4. Deputy Ruth Coppinger asked the Minister for Justice and Equality his views on the introduction of a court order against harassment (details supplied); and if he will make a statement on the matter. [21288/19]
Deputy Charles Flanagan: A couple of days ago, the Deputy published the Domestic Violence (No-contact order) (Amendment) Bill 2019. This Bill provides for a new no-contact order that would enable a court to prohibit the respondent from communicating with the applicant where the respondent has subjected the applicant to harassment. The Bill defines harassment as conduct that has occurred on at least two occasions that causes another person alarm or distress. It proposes that a person could apply for a no-contact order against any other person and to amend the Domestic Violence Act 2018 to provide for the new no-contact order.
I acknowledge the Deputy's strong role in respect of support for victims of domestic violence. I commend the courageous victims of abuse who have come forward to seek positive changes. In legislating to ratify the Istanbul Convention, we have recently introduced a wide range of legislative reforms.
In the first instance, as with every new legislative proposal, it will be necessary for the provisions of the Deputy's Bill to be carefully and thoroughly examined by my Department, in consultation with the Office of the Attorney General. As the Bill was published only a couple of days ago, the Deputy will appreciate that it has not yet been possible for this examination to be completed. The Government will give the Bill full consideration before Second Stage and I look forward to an extensive and constructive debate on its provisions on that Stage.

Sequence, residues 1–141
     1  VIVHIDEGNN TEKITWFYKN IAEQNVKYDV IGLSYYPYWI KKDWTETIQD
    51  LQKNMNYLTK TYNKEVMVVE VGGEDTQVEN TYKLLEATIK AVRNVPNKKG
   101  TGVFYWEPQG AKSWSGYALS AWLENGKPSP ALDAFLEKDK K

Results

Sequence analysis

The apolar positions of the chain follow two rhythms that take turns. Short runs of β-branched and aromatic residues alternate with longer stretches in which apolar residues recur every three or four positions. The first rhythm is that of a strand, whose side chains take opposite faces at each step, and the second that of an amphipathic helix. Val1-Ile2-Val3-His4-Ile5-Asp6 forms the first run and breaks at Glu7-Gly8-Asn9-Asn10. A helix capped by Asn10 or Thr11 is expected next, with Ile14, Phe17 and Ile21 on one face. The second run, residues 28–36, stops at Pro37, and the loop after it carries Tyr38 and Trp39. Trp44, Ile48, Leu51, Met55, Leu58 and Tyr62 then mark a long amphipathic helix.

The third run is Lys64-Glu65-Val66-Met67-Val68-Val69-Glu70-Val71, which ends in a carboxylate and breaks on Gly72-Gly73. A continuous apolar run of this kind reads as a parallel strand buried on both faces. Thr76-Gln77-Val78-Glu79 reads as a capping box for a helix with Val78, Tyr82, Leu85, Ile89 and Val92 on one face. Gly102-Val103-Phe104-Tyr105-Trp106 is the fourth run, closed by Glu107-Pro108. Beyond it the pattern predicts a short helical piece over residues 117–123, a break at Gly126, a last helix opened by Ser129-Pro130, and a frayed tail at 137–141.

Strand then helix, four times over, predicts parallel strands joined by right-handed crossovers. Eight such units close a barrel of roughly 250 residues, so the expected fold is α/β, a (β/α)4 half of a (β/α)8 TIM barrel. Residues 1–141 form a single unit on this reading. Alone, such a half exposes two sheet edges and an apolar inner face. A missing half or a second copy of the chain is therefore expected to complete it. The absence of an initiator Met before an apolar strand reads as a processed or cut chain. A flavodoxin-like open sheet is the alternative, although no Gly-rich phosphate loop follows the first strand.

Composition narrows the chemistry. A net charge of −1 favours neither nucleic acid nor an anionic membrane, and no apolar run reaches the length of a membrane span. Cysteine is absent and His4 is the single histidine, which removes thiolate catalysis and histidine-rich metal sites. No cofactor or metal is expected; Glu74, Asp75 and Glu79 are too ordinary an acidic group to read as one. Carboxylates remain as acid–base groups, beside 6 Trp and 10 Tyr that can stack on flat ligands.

In addition, I believe the Oireachtas committee scrutiny process will be of great value as it will provide an opportunity for detailed examination of the Bill's provisions before Committee Stage and for the committee to hear the views of relevant experts in the area. In view of the wide scope of this Bill, which encompasses not only its main focus of domestic violence but could also, because of its broad terms, apply to behaviour such as disputes between neighbours or online disagreements, I believe it would be useful for the committee to consult experts in the area. There are many stakeholders in that regard and I am in regular contact with many of those groups.